Keep Your Paws Off My Pilsner: This detail of an indoor mural at Westville Pub, by local artist Holly McGee, reflects the increasing interest by business owners in claiming the spaces they lease as truly "theirs" (not unlike the motivation expressed by graffiti writers). As with other murals, indoor works are rarely preserved from one renter to the next. photo by Jonathan Welch
Since the very start, mankind has searched for some way of saying "I was here." From ancient cave art to scribbles on alley walls, these markings tell us fragments of stories from the daily struggles and triumphs of those who lived them. As a historical record, they are invaluable -- and yet, almost from the very moment that an unauthorized pigment was rubbed in stone to glorify the day's hunt, the owner of that cave was probably complaining about his decreasing property values.
But much of the most urgent, meaningful art from the place in history you find yourself in can't be found in a museum. It may be on a wall. In fact, it may not be considered art at all, but a crime.
Mad Scientists At Work: Local street muralists Edward D. Harper, Andrew Scott Fansler, Lisa Marie Nance and "Roadkill" at work on Street Science. Sponsored by Arts2People's Asheville Mural Project, the science-themed collaborative mural on the West Asheville Bank building on Haywood Road blends elements of hip-hop graffiti with illustrative painting and modern graphic design. photo by Zen Sutherland
If all the geologists were proven wrong and Mount Pisgah erupted -- Vesuvius-like -- today, would future archaeologists be able to discern between our illegal "street art" versus commissioned "urban murals," between criminal vandalism and artistic renovation? The following photos explore this question -- and, in keeping with the theme, were taken by two very different photographers: regular Xpress photographer Jonathan Welch and "street" shooter Zen Sutherland.
"Monarchs in September": Far from being seen as annoying petty vandalism, outdoor murals are often viewed by businesses and developers as a means of urban beautification. This well-known mural outside Downtown Books and News was created by the Asheville Mural Project and muralist Blue Broxton. photo by Jonathan Welch
War of the Walls: This detail is from a massive graffiti mural on Carolina Lane, long a haven for local graffiti artists. Works in the alley range from simple "tags" -- usually no more than a quickly sprayed name -- to the more complex "throw ups" and elaborate "pieces" (short for "masterpieces"). Especially time-consuming and epic works, such as this mural, are often termed "burners." photo by Jonathan Welch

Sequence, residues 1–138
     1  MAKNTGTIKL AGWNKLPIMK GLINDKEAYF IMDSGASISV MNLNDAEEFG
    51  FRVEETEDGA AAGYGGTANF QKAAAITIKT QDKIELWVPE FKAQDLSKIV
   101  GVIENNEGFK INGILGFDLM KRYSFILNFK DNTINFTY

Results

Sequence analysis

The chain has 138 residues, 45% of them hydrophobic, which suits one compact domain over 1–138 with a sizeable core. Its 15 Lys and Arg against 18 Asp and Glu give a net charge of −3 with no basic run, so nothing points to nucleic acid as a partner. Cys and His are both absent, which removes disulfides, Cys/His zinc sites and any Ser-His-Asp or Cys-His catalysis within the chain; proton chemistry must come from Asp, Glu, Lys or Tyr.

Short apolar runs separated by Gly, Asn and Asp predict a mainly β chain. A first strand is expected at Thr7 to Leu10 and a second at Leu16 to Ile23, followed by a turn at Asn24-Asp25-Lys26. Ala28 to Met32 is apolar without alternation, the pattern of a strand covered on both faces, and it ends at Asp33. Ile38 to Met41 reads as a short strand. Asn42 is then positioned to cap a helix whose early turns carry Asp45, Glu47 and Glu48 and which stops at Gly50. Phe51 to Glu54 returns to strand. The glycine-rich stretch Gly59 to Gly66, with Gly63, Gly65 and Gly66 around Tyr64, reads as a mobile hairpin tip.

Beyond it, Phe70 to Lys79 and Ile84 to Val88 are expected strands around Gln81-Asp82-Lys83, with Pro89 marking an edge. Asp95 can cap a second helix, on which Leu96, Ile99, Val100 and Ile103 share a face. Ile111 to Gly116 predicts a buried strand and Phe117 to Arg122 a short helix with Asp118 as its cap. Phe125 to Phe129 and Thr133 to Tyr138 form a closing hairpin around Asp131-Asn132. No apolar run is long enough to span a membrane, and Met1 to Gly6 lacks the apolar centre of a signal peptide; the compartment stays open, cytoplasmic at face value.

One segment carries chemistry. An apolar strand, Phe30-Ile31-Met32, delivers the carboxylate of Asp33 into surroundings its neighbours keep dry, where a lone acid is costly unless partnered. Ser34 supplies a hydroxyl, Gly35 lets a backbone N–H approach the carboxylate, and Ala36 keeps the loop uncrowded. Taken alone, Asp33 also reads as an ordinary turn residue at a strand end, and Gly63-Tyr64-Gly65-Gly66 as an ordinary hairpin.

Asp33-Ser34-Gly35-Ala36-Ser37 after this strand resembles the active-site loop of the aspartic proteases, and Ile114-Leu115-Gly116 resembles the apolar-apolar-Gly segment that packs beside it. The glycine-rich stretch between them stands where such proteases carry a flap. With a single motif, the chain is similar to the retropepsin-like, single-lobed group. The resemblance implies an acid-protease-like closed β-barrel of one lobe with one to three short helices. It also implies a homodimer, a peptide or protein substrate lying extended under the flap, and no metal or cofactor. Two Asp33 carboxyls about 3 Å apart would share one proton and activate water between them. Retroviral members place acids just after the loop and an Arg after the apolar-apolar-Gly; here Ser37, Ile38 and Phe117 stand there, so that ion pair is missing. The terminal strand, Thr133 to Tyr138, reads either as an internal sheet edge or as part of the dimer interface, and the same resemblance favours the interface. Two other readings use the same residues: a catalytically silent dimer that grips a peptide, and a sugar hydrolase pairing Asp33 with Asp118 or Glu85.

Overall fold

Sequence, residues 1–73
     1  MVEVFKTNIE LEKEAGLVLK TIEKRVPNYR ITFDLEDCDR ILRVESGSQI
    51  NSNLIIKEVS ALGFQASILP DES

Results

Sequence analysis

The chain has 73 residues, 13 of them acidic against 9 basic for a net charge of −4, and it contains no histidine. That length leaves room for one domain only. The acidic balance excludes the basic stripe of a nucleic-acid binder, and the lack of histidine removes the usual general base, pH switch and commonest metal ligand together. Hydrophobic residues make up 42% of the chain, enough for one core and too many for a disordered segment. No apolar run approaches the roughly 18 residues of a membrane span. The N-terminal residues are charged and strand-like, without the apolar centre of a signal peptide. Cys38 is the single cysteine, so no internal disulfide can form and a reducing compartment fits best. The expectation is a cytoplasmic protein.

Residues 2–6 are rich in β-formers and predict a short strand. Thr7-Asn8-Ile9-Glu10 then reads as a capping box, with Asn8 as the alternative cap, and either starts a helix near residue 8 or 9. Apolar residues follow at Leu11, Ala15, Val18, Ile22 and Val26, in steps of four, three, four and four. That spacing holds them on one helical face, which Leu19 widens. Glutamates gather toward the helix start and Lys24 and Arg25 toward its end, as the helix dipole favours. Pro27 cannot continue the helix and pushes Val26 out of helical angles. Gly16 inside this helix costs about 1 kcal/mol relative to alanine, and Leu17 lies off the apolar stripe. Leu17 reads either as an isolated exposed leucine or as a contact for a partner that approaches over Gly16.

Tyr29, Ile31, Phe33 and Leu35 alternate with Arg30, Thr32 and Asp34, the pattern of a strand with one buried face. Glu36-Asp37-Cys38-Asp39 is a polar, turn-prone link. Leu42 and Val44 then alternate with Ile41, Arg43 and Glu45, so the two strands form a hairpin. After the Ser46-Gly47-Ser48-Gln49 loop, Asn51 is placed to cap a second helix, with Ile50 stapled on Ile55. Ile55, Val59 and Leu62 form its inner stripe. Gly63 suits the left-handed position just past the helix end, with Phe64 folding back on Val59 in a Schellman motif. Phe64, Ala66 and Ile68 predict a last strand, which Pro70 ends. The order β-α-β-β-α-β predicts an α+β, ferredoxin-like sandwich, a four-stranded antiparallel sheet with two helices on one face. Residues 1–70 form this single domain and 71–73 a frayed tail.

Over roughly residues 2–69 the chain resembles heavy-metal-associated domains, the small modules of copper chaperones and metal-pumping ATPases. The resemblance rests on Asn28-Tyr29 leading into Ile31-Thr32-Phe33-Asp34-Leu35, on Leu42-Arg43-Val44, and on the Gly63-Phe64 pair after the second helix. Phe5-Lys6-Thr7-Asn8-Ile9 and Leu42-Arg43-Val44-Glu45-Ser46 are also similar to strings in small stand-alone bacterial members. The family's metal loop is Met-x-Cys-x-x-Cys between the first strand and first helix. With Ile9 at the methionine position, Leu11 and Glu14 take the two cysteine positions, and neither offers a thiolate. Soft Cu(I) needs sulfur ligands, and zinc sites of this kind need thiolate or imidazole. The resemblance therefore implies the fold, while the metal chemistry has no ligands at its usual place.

Parking Lot of Art: This outdoor work, "Simple Gift," was commissioned in 2004 by Mud Hunter Pottery, and was created by noted local muralist Sally Bryenton. The store closed last year, and now that it no longer represents the shop, this striking painting could be seen as an artistic nuisance by potential renters -- in effect, graffiti. photo by Jonathan Welch
Do Right, Fear Not: This detail is from a "free wall," or dedicated graffiti space, off Patton Avenue. Free walls are an attempt at compromise between business owners and graffiti artists, or "writers." Some feel these spaces are vital toward curbing illegal graffiti; others, such as the anti-graffiti group NoGraf Network, believe them to actually increase competition -- and vandalism -- in urban areas. photo by Jonathan Welch
Just Like MOMS Used to Make: Another stylized "throw up" from Carolina Lane, this image was created by local graffiti "crew" MOMS (or Marks On Most Surfaces, among other meanings). In larger cities, where there are often a variety of crews, artistic "battles" for wall space are commonplace. photo by Jonathan Welch
Head Trip: This expressive detail from Street Science shows the unique fusion of styles found in so-called "street art." Such a work would not be out of place in any modern art museum in the world. photo by Zen Sutherland
What's Done Is Done: According to the Asheville Mural Project, Street Science will "remind passers-by on a daily basis of the interconnections at every level of Nature," and "serve as a catalyst for viewers to contemplate their own integral and active role in the Universe." That's fairly high-minded stuff for an art form that, in its unsanctioned incarnation, has been called a "quality-of-life crime" and a symptom of urban decay. photo by Jonathan Welch
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